The wonderful story of the birth of jet engines, the main stage of which began to be written in the 1930s (apart from some other research work, carried out in Sweden or Switzerland, for example), took place essentially independently in two places on our planet. The first place was research conducted in Germany, especially at Heinkel, led by a major pioneer of this type of aircraft propulsion Dr. Hans von Ohain, who eventually won the imaginary battle for the first takeoff of the aircraft, powered exclusively by jet propulsion. Frank Whittle, in particular, can be considered the second imaginary father of the jet engine. And it is precisely these circumstances of the development of the first functional English jet engines, which significantly contributed to the current form of aircraft propulsion, that this article is devoted to.
In this article, I would like to elaborate a comprehensive and interesting history of the development of jet engines at the German airline Heinkel before and during World War II. world war. According to my current information (unlike the relatively well-known jet projects Jumo 004 and BMW 003), this topic has not been developed in the appropriate breadth in our country, which is why I decided to deal with this topic using mostly foreign language sources.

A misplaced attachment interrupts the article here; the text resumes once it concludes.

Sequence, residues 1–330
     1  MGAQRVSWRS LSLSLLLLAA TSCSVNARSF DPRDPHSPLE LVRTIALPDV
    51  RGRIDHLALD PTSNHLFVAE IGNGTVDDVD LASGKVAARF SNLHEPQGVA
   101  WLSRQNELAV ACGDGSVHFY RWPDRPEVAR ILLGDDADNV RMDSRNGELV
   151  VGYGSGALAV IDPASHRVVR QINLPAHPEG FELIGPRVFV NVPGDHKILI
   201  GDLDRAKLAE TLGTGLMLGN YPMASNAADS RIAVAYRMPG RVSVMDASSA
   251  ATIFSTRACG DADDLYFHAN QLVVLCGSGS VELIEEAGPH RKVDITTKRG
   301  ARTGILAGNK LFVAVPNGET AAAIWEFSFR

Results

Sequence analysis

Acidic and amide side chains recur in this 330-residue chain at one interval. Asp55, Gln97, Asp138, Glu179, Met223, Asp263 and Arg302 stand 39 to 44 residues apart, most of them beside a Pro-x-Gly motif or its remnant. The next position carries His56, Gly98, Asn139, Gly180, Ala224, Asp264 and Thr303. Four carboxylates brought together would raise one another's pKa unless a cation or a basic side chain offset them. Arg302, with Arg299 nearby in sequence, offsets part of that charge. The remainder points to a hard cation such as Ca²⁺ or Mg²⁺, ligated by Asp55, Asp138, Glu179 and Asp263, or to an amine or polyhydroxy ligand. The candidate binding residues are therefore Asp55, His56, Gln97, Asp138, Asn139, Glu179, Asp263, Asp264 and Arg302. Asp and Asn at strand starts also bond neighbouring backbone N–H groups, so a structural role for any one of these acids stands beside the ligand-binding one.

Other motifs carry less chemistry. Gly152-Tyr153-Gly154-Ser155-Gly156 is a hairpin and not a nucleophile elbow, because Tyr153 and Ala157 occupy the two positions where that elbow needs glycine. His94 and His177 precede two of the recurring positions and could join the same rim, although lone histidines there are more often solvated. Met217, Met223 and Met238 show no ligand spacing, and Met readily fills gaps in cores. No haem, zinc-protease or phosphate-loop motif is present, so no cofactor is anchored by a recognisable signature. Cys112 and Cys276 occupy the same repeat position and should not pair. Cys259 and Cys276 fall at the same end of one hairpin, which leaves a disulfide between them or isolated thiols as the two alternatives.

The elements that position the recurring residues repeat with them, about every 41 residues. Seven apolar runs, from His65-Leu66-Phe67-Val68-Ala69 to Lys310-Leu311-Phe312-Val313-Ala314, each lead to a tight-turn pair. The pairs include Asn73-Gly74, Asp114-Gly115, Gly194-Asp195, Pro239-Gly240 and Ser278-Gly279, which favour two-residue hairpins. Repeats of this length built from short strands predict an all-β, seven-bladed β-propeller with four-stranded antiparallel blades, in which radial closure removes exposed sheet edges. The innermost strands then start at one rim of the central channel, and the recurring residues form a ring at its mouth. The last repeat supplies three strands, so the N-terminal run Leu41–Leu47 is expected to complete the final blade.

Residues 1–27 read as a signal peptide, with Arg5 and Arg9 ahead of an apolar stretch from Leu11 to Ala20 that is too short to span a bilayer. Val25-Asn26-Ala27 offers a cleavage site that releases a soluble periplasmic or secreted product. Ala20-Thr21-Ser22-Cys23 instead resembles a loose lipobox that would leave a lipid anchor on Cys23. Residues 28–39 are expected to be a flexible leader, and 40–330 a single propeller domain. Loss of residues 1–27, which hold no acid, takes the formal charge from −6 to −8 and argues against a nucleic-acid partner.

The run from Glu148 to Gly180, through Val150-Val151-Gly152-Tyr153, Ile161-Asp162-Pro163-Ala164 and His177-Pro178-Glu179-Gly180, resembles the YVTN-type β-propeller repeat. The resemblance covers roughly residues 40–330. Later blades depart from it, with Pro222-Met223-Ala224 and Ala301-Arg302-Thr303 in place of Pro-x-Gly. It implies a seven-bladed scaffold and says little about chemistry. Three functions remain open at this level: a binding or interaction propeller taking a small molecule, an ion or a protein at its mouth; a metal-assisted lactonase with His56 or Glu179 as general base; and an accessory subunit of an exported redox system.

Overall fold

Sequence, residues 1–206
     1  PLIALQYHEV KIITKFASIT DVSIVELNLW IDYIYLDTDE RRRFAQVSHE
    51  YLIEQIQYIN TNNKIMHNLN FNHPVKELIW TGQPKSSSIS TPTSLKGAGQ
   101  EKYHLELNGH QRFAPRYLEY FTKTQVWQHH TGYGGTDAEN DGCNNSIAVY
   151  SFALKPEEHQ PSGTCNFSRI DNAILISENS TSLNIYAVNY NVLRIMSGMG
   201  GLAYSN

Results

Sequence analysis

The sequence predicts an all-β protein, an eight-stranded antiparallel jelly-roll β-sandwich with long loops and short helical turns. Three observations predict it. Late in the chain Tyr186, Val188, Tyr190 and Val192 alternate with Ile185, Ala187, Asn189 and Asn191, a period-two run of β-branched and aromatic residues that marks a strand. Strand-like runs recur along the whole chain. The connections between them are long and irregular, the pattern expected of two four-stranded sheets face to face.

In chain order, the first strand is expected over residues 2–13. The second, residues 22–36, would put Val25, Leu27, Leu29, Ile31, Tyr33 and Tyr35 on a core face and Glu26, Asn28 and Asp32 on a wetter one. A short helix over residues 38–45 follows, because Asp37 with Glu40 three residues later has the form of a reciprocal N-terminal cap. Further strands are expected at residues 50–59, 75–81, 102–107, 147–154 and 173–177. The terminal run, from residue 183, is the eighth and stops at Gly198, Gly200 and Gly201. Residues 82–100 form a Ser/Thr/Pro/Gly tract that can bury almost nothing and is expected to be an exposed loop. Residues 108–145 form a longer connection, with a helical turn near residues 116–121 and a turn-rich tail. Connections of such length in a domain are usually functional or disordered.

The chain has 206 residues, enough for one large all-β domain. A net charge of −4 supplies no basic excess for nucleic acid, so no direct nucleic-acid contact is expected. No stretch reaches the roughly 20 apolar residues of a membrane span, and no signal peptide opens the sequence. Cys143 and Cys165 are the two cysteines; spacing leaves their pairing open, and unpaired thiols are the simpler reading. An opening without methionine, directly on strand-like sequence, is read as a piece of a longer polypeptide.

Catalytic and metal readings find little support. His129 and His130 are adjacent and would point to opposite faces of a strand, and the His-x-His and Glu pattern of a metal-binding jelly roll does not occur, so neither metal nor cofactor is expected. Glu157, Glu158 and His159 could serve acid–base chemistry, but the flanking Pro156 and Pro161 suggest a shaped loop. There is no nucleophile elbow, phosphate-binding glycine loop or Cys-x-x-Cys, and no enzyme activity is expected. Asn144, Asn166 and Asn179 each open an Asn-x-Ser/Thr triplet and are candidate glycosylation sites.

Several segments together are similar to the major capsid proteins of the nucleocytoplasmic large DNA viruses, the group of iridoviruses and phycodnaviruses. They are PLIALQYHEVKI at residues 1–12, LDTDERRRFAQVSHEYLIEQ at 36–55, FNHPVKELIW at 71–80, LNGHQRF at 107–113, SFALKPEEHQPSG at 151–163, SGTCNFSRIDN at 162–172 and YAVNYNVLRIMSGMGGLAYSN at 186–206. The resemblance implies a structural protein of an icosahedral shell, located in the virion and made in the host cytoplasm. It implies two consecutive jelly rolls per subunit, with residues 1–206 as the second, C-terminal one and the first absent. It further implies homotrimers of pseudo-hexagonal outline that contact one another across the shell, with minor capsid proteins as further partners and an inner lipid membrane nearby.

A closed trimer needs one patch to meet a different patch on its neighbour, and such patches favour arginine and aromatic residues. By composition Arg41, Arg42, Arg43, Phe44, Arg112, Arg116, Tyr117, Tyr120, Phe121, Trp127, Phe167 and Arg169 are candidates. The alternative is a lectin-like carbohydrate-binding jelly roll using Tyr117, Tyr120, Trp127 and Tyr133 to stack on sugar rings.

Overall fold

The following article describes the operation of the Junkers Jumo 004 aircraft jet engine. This is my translation of the original German manual from the end of period of World War II, which is accompanied by illustrative pictures.
The emergence of jet aircraft engines at the end of the 1930s was accompanied by completely new problems, which their designers had to solve in the development of this hitherto little-known type of technology. One of the issues was to ensure continuous combustion of the air / fuel mixture at constant pressure with sufficient efficiency. Of course, such an engine, like a piston engine, had to be started in some way and, according to the Brayton cycle, its internal continuous processes had to be started, which, however, required special (and often more complex) procedures for the jet engine. The following text will describe how the designers of the first German jet engines, which were at the end of World War II, coped with this interesting problem. World War II in several jet aircraft deployed in combat.